WA Wheatbelt pavilion wins Architecture of Necessity Award

Iredale Pedersen Hook Architects with Advanced Timber Concept Studio has won at the 2019 Architecture of Necessity Awards in Sweden. Its project the Pingelly Recreation and Cultural Centre in Pingelly winning was one of three winner and the Bilya Koort Boodja Centre for Nyoongar Culture and Environmental Knowledge in Northam was named a finalist.

Curated by the Virserums Konsthall, the awards were first handed out in 2009 to projects that ask or answer questions about consumption and necessity.

Pingelly Recreation and Cultural Centre by Iredale Pedersen Hook Architects.

Pingelly Recreation and Cultural Centre by Iredale Pedersen Hook Architects.

Image: Peter Bennetts

The awards jury said, “This year’s focus is on entries that deal with the rural context, the re-activation of forgotten places both with transformation of existing buildings and with new typologies, for example combining multiple symbiotic uses in to one building, seeking an architectural language, developed for smaller cities and places integrating landscape, typology and details and materials.”

The Pingelly centre is Western Australia’s largest timber building constructed since then end of WWII.

The jury lauded the project for its “informal lightness in creating a low-threshold meeting place based on local culture, built in local materials and with the complex of different spaces held together by an open verandah, a sidewalk in nowhere.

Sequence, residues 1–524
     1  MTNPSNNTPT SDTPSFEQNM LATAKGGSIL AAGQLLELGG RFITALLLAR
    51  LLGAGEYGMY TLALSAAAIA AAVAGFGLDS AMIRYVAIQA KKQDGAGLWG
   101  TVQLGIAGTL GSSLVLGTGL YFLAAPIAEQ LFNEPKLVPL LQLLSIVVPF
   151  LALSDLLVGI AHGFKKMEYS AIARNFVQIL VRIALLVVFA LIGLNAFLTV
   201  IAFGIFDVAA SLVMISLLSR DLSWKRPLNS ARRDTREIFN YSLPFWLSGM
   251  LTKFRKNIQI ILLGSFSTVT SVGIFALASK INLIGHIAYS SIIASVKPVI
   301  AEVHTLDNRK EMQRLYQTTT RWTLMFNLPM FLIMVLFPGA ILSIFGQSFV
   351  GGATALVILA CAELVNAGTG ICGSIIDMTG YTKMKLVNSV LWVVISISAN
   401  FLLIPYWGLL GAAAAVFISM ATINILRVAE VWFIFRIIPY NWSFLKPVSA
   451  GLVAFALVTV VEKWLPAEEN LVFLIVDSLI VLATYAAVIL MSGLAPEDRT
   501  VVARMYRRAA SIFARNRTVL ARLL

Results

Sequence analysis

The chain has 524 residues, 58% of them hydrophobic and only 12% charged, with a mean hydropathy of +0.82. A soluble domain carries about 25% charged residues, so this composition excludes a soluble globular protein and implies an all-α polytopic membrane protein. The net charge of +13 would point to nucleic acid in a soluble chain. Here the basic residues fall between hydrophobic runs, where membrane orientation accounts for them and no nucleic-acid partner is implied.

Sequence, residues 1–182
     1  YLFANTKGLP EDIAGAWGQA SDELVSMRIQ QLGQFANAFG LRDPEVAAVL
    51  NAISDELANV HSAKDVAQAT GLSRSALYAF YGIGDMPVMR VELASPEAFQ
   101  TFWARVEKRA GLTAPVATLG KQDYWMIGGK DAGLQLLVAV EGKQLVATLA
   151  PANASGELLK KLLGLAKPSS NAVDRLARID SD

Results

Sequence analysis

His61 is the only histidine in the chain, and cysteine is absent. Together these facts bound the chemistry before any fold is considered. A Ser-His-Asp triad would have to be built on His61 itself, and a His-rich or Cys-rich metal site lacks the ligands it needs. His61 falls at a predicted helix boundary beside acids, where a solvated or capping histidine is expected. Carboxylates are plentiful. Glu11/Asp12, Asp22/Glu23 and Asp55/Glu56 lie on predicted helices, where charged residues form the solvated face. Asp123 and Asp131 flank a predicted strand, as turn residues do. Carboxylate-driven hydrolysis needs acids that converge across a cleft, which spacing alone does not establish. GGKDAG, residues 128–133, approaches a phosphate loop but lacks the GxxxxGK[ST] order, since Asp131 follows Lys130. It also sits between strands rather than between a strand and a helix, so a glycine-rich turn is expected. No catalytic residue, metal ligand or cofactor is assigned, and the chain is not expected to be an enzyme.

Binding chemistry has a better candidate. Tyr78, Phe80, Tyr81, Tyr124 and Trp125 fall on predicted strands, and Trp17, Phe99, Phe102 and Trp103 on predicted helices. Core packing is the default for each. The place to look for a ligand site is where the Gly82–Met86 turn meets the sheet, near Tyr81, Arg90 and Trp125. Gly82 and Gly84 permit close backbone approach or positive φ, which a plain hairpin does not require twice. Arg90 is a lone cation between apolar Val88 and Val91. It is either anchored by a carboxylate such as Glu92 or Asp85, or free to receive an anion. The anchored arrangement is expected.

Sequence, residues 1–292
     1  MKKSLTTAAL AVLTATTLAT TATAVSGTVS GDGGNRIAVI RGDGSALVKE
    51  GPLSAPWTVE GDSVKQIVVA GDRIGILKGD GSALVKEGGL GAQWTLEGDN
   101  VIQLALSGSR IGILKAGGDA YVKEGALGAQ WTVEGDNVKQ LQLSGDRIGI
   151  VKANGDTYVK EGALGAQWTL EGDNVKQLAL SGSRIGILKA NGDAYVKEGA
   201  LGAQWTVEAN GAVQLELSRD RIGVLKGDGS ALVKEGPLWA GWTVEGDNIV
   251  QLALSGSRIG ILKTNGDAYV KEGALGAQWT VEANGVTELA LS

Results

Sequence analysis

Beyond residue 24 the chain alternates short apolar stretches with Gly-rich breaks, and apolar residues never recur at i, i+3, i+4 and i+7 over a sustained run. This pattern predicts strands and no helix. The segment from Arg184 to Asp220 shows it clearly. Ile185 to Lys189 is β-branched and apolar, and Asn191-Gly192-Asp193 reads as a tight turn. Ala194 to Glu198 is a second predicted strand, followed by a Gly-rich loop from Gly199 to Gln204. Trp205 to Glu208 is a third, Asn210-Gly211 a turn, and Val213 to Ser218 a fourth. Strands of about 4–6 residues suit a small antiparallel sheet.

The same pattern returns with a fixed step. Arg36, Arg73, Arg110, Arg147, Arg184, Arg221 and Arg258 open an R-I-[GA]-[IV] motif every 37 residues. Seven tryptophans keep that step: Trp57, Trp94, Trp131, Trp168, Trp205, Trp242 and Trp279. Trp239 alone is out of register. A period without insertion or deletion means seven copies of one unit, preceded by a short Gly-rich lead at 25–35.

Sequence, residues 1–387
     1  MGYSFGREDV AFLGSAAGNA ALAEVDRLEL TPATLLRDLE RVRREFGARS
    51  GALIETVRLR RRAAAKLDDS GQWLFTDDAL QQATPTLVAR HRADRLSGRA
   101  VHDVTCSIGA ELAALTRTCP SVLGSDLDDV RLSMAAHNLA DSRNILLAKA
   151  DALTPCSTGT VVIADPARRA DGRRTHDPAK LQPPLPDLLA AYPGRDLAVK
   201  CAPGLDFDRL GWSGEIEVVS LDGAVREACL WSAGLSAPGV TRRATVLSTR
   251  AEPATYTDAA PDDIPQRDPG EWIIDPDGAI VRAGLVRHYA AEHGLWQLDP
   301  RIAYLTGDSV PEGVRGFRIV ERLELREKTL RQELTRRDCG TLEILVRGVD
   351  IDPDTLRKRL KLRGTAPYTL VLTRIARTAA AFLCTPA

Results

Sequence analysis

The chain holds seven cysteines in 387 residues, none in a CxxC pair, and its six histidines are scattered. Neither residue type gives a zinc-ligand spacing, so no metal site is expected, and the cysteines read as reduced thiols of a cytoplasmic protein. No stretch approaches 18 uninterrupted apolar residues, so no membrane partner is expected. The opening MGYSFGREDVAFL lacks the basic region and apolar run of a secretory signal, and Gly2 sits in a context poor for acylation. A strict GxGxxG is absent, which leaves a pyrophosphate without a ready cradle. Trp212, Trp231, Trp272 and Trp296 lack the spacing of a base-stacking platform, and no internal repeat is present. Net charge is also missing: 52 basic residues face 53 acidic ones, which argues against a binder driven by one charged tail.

Pingelly Recreation and Cultural Centre by Iredale Pedersen Hook Architects.

Pingelly Recreation and Cultural Centre by Iredale Pedersen Hook Architects.

Image: Peter Bennetts

“Pingelly is a small town with some 1,000 inhabitants. It is situated in the sparsely populated ‘Wheatbelt’ of Western Australia. It has all the problems of similar areas with ageing population and diminishing employment. Sport has traditionally been important in both the white and Aboriginal communities.

“The new sports centre is a Shire initiative, responding to popular demand. Four pavilions with a Function centre with bar, a Sports hall with change rooms, a gym and storage spaces are linked together by a verandah facing east towards the already established sports fields. The verandah forms a welcoming “breezeway”, tempering the hot climate. All visible surfaces are of prefabricated Eucalyptus wood, locally grown and processed in thick sections to stand the harsh climate.”

The practice’s Walumba Elders Centre previously won an Architecture of Necessity award in 2016.

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